In terms of qubit numbers, we assume that the first generations of large-scale fault-tolerant devices will be limited to O (106) to O (107) physical qubits, but that these numbers may increase by one or two orders of magnitude in the longer term. Table 2 gives estimates based on these first generation and future FTQC computing parameter regimes. As the number of Toffoli gates required is significant, a single distillation factory may not suffice, and we thus give estimates assuming parallel access to varying numbers of factories. The single step time estimates are based on the Toffoli gate count required to implement the quantum SN-NeRF conversion from dihedral to 3D coordinates, and the quantum circuit computation of the non-bonded energy terms in the force field (assuming no cut-off radius). These steps dominate the classical computation time and, as the form of the non-bonded terms is similar to those in other popular force fields, do not tie our results to a specific force field. The number of qubits includes additional ancillary registers required to store temporary arithmetic values prior to uncomputation, but ignores ancilla used in various quantum arithmetic primitives which are highly implementation-specific and depend on specific choices of quantum arithmetic circuits. These simplifications are sufficient for our goal of understanding the order of magnitude of technological performance required to obtain a quantum advantage. We find that, in spite of the careful design decisions made to minimize the resources required, first generation FTQC are unlikely to provide an advantage over classical MCMC techniques, with estimated computational times that greatly exceed those required classically. However, with plausible improvements to physical qubit error rates and error correction speed, future quantum devices, with sufficient qubit numbers, may close the gap with existing MCMC approaches to the point where quantum walk methods may be competitive. Further improvements to both hardware and algorithm design could eventually yield an overall quantum advantage.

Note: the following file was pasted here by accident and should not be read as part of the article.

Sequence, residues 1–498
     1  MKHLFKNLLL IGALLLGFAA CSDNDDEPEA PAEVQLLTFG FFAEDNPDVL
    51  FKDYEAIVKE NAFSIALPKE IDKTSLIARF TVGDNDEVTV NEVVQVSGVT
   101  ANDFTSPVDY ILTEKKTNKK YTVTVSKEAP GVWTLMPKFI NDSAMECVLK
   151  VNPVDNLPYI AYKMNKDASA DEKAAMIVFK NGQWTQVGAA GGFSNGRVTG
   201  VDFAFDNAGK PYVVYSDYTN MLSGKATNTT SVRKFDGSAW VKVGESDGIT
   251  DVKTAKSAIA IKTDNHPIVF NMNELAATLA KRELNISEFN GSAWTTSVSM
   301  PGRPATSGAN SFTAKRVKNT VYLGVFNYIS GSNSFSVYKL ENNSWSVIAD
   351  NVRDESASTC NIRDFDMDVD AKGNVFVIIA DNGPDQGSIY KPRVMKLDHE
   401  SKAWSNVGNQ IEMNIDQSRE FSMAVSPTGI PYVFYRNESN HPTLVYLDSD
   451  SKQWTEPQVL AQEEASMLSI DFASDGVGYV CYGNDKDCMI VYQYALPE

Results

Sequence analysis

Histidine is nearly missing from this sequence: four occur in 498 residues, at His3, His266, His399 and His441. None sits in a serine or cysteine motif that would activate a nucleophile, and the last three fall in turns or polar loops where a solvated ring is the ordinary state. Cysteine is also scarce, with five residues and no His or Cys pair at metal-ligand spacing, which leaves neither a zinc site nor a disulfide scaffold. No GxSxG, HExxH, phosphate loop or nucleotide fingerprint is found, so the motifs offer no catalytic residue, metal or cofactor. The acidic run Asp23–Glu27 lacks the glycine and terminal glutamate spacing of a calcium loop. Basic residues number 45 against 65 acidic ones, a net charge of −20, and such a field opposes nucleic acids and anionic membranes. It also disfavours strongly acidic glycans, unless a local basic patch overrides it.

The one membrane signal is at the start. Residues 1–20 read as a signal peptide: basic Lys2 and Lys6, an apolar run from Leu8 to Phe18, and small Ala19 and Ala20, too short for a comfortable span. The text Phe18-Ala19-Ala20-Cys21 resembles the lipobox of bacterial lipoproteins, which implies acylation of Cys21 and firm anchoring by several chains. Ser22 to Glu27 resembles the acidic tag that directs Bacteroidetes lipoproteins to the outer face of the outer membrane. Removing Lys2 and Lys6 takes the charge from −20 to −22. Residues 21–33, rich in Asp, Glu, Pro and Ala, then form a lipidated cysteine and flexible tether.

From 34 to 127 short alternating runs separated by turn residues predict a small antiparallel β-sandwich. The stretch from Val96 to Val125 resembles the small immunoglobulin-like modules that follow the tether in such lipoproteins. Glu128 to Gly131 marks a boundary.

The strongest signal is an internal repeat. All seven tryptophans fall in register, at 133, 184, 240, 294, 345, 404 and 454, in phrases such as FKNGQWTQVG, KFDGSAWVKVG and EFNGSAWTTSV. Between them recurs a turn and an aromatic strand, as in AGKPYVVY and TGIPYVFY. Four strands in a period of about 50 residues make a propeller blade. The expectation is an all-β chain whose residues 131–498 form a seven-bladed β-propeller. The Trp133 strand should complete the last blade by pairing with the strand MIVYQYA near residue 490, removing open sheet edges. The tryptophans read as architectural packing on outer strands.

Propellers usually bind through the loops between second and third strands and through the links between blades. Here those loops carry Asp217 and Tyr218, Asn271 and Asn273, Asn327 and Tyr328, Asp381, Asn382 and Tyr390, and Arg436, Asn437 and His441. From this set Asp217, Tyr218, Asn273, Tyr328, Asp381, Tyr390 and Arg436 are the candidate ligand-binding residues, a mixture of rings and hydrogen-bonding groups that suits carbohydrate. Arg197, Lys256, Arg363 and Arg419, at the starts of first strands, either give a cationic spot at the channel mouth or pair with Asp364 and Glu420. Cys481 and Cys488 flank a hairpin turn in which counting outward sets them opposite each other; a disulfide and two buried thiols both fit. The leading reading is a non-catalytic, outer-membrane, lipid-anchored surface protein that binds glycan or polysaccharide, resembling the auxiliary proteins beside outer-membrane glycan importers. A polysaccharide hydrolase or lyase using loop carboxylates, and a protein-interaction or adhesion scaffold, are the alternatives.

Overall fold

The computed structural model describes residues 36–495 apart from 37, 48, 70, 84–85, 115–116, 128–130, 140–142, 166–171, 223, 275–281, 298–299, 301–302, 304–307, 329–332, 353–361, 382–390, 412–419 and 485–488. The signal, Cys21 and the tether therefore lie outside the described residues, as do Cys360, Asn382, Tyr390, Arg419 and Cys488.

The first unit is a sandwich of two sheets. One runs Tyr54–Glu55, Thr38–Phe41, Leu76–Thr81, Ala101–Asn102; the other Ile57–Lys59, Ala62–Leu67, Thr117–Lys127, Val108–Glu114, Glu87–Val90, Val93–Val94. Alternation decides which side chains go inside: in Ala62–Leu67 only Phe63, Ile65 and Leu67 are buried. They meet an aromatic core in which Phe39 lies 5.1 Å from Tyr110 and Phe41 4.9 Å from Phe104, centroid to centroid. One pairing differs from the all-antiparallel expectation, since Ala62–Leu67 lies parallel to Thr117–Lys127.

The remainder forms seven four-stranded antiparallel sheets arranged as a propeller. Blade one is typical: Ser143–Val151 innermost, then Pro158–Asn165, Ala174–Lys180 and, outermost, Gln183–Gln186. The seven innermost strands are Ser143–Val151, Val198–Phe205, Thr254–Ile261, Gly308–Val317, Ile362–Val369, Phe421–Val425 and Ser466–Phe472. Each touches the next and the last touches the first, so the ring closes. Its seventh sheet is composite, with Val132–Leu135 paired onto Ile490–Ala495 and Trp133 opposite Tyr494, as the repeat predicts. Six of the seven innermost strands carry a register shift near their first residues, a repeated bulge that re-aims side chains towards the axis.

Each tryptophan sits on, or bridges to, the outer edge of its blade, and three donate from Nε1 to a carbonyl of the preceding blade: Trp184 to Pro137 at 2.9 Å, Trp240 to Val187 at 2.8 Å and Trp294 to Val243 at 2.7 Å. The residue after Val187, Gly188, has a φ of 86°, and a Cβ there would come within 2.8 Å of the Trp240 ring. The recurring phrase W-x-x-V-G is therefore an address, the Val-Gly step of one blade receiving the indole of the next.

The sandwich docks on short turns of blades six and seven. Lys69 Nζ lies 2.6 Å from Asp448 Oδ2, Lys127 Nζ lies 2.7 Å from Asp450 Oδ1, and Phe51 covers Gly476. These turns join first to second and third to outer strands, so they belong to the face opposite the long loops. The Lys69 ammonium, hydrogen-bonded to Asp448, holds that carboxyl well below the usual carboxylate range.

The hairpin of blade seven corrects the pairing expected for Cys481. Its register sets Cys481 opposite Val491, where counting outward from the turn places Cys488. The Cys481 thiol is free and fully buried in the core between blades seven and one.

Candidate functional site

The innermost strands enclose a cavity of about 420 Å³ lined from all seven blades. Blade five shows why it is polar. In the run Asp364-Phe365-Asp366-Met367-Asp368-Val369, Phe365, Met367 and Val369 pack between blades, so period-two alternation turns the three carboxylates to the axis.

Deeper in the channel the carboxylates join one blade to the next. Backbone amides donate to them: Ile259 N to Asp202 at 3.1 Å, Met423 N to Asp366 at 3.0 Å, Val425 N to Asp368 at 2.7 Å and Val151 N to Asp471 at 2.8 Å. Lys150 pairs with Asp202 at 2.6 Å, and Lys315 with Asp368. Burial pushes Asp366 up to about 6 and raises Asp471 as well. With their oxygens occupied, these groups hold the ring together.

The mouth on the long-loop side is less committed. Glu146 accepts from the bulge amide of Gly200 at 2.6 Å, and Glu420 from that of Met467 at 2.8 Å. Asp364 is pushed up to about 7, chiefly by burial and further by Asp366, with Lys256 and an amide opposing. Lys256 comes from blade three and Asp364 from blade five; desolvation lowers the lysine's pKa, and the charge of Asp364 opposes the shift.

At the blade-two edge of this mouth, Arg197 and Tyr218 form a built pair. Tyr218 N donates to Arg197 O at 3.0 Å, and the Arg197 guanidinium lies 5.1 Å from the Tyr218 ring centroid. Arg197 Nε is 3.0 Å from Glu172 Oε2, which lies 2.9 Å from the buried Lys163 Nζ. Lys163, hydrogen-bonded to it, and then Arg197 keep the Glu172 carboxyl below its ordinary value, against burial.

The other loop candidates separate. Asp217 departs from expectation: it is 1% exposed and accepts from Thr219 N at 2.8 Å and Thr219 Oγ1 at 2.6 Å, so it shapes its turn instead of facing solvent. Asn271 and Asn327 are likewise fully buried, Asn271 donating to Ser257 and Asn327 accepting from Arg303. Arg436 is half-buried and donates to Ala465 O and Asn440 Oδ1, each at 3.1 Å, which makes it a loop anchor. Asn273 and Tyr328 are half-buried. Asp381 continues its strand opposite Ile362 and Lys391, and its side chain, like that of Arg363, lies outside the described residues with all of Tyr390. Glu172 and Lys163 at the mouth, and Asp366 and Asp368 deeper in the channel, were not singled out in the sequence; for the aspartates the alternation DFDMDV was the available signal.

4 Discussion

In this work, we set out to understand the feasibility of quantum computing to accelerate MCMC for antibody loop modelling, and proposed a suitable state space and update rule for such a computation. Our method is based on a dihedral angle encoding of the atoms involved, and a procedure (Quantum SN-NeRF) for coherently converting from dihedrals to Cartesian coordinates so that the classical force field potential energy function of each configuration can be evaluated in quantum superposition.